MTTR (Mean Time to Repair): It is the average period to substitute or repair a failed device. It is given by symbol “r”.
The relationship between availability, dropout rate, and recovery time is given by:

Ai = 1- Unavailability (U) = 1- (λ*r) ----------------------------------- (2)

v Maintenance

 As per the Swedish Standard, maintenance is defined as a mixture of all mechanical, functional, and operational activities over the development process of a device constructed to stabilize it in or rebuild it to a condition where it can carry out the necessary tasks. Two significant maintenance optimizing parameters are reliability and cost.

It should be designed in such a manner that the reliability is high, and the device operation and reliability are maintained at the lowest possible net cost. It makes use of the RCAM technique.

Reliability Centered Asset Management, RCAM

The goal of RCAM is to correlate proactive maintenance to the overall cost of maintenance and device reliability. It is employed concerning reliability and cost while analyzing various preventive maintenance techniques (Shayetesh, & Hilber, 2016).

The primary phases of the RCAM method are as follows:

  • Device reliability analysis: It describes the device and investigates significant elements that influence the reliability of the device.
  • Element reliability modeling: It reviews the modules in-depth and describes the quantitative correlation between reliability and corrective maintenance activities with the help of adequate input variables.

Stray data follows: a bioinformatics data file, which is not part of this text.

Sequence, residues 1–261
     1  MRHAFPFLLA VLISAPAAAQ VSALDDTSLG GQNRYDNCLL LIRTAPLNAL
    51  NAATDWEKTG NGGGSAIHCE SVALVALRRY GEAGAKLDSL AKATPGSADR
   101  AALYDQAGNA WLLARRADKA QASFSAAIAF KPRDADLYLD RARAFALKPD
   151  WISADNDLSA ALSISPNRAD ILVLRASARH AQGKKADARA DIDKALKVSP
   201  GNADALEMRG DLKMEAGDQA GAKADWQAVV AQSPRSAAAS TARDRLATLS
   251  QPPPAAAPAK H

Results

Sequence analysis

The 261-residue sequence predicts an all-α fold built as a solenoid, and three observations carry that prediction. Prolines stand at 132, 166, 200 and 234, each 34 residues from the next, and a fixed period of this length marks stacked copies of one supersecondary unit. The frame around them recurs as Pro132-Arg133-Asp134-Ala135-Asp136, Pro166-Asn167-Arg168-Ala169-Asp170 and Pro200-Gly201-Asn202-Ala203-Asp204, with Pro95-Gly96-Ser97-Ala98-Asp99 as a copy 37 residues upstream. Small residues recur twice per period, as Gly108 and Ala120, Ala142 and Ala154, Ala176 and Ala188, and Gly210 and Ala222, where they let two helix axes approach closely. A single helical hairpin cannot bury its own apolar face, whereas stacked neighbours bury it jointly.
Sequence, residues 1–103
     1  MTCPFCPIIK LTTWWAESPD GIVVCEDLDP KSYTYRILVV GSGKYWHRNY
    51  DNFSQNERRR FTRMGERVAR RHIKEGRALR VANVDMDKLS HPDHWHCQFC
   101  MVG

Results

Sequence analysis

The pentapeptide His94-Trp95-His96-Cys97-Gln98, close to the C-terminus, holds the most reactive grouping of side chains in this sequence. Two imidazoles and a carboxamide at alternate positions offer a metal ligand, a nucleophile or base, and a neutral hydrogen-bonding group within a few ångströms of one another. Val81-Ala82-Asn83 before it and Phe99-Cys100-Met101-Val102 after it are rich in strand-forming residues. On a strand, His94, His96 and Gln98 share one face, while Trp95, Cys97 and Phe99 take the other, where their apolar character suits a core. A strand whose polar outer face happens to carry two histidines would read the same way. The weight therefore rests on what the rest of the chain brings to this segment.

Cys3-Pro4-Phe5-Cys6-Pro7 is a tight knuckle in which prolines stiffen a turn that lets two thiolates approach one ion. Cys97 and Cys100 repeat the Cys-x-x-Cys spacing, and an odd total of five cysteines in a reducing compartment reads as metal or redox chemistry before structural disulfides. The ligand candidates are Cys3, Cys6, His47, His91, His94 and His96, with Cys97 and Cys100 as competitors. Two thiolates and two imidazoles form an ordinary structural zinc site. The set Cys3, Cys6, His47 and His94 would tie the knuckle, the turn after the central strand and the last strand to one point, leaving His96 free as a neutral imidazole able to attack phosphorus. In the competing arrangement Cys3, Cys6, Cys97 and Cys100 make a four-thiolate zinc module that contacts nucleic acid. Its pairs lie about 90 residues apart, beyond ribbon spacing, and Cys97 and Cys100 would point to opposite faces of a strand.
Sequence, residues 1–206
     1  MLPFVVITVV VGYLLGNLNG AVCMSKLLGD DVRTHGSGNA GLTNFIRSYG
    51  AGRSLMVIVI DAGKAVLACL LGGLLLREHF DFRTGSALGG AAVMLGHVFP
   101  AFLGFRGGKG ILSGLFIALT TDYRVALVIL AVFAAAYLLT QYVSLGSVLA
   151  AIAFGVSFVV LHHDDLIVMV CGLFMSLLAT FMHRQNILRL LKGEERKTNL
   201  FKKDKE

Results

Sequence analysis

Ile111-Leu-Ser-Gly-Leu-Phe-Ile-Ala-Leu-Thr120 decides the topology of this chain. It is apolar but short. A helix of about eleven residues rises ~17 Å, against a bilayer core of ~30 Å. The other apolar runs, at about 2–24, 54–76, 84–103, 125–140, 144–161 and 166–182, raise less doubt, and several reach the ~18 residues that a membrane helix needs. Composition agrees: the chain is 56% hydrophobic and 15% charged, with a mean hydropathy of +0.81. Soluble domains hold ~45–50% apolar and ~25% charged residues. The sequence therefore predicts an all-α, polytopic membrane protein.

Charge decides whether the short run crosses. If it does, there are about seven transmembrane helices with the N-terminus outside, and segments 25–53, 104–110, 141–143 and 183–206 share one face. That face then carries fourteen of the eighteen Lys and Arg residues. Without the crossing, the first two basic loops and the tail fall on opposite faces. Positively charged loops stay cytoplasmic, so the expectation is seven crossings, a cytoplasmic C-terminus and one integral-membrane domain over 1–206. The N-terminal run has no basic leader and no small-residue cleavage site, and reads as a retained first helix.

• Operation reliability and maintenance cost analysis: It investigates the effectiveness of device maintenance on reliability as well as cost involvement.

v Maintenance Cost of Hydro-Power Generation Plant (MCtotal)

A maintenance cost model for hydro-power generation plant has been described as:

MCtotal= CGL+CCM+CPM ---------------------------------------- (3)

Where,

  • CGL (EUR/Wh): It is the cost of generation loss. In the generation of power, the cost of delay is the cost of power generation loss, which in turn given by:

CGL = CPB*ENS ---------------------------------------------------- (4)

Where CPB is the cost per energy unit times,

ENS (Energy Not Supplied) is not transferred power in a year (WH) and is represented as:

ENS = x*8760*U ------------------------------------------------- (5)

Where x is the number of MWh/h, 8760 is the number of hours per year and U is the unavailability.

  • CCM is the cost for corrective maintenance, and
  • CPMis the cost of preventive maintenance.

Operation of Hydro Power Generation Plant

The fundamental concept of generating hydropower (HP) is the impulse-momentum. HP is extracted by utilizing the potential energy or the gravitational force of the running water stream.